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DARPA to unveil its 130-foot unmanned robot ship in April

The christening will happen in Portland, Oregon.

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DARPA

DARPA is christening its autonomous robot ship in April, the agency's director, Arati Prabhakar, has revealed at a media roundtable. That's the same submarine-hunting drone defense contractor Leidos began building in 2014, and the same one that will be steered by software you might have helped develop a few years ago. ACTUV (an acronym for its rather unweildy name: the Anti-Submarine Warfare Continuous Trail Unmanned Vessel) is 132-foot long and weighs 140 tons.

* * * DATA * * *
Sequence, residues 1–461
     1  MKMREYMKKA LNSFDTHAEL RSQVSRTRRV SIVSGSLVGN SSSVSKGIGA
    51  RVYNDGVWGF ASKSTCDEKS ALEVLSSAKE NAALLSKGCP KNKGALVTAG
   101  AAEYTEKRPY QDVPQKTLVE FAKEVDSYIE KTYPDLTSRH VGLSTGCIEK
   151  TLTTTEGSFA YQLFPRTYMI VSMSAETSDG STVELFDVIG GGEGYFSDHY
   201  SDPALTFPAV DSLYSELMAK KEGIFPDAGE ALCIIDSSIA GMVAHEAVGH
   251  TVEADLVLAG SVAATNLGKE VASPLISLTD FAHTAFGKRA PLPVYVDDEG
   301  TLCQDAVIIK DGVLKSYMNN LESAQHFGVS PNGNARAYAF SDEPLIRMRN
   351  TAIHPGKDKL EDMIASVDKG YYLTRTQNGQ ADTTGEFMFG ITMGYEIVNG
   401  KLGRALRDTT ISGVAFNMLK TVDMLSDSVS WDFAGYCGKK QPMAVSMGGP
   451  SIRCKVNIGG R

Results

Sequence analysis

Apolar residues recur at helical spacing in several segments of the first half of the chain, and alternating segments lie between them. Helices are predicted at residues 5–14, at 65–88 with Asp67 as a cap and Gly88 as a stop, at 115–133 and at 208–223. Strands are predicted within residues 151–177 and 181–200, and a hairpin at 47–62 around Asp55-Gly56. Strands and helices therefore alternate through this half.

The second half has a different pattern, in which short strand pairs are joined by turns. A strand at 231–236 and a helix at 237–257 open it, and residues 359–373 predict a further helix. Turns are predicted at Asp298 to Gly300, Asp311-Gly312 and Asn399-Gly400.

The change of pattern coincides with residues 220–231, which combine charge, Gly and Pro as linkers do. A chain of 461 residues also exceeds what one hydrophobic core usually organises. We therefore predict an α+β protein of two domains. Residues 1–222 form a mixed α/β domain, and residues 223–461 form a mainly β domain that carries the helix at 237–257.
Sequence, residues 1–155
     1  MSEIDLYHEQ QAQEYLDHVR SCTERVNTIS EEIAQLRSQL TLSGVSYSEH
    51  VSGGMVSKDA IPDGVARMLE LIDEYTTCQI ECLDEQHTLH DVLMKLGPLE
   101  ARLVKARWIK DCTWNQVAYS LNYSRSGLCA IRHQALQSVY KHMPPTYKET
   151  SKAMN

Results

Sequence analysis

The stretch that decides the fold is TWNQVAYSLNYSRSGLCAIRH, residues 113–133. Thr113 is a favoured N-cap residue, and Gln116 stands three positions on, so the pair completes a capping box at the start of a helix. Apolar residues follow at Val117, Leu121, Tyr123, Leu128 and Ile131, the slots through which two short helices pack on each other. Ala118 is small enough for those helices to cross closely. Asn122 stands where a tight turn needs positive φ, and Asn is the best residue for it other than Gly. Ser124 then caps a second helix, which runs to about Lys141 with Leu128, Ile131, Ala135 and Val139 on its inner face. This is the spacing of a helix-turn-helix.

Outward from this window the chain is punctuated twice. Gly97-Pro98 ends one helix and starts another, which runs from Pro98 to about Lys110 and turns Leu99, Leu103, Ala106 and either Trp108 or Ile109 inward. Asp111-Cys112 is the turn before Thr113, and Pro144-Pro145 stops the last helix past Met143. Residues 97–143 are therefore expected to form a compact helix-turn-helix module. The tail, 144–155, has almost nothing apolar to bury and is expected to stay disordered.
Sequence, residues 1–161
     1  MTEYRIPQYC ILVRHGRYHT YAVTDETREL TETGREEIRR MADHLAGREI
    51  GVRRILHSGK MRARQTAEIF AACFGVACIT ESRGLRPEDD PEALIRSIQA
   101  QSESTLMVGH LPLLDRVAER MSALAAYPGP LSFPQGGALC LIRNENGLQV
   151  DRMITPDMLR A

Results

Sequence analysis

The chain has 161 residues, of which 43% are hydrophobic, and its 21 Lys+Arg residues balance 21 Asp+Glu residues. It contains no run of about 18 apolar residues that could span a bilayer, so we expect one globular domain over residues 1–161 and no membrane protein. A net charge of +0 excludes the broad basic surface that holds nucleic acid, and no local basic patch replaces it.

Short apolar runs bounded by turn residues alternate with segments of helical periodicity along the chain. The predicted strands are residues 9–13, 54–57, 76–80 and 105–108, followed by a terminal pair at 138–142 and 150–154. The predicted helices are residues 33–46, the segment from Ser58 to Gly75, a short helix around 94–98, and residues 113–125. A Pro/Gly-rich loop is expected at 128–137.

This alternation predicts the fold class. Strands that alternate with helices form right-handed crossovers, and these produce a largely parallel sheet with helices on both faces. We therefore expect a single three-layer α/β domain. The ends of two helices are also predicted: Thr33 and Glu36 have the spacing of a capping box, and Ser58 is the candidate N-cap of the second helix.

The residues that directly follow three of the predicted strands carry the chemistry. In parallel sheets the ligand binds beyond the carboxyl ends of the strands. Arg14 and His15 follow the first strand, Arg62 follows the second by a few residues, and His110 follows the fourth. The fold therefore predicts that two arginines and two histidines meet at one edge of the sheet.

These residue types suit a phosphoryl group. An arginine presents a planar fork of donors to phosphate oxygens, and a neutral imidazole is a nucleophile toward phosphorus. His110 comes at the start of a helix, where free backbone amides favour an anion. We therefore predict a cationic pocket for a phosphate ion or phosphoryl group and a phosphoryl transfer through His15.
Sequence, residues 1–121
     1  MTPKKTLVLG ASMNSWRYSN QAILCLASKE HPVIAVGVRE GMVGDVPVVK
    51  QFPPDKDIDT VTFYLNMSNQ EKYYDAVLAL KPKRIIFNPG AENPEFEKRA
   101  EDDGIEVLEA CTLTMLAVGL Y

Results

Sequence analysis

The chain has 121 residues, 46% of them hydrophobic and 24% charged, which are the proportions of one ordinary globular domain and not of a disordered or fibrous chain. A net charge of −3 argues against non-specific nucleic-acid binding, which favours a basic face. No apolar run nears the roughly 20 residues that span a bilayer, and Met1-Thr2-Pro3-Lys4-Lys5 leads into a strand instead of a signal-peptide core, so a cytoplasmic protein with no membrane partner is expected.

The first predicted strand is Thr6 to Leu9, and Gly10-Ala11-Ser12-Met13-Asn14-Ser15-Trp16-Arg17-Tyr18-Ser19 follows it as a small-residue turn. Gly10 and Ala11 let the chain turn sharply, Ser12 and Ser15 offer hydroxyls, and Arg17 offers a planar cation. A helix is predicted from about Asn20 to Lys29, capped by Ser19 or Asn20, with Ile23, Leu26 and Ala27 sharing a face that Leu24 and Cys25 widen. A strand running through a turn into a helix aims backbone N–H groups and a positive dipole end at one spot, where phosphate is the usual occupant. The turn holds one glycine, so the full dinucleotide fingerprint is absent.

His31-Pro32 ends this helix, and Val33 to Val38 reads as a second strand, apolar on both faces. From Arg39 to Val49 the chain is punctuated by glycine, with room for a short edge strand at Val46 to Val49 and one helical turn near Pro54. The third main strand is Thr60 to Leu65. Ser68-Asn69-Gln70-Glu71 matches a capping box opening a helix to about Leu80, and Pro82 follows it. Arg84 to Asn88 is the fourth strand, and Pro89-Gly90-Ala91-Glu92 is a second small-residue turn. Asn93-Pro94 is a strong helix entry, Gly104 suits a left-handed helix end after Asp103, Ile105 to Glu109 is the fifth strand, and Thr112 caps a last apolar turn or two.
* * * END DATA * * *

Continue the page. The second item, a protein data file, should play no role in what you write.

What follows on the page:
It's designed to be completely autonomous, as that will save the agency a bunch of money. Based on the details DARPA previously shared, the US Navy will deploy sonar buoys to give the drone an idea on where to go. After that, the ship will take over, using long/short-range sonar to detect stealthy diesel electric submarines and follow them around for months. Besides hounding foreign submarines, it can also be used for reconnaissance, to deliver supplies to other ships and counter undersea mines.

After ACTUV's unveiling and christening in Portland, Oregon, the agency will start demonstrating its long-range capabilities over the course of 18 months. That's not all Director Prabhakar announced at the media gathering, though. She also talked about DARPA's funding and other projects for 2017, including its plans to "launch 100 satellites in a 10-day period" using its XS-1 reusable aircraft.

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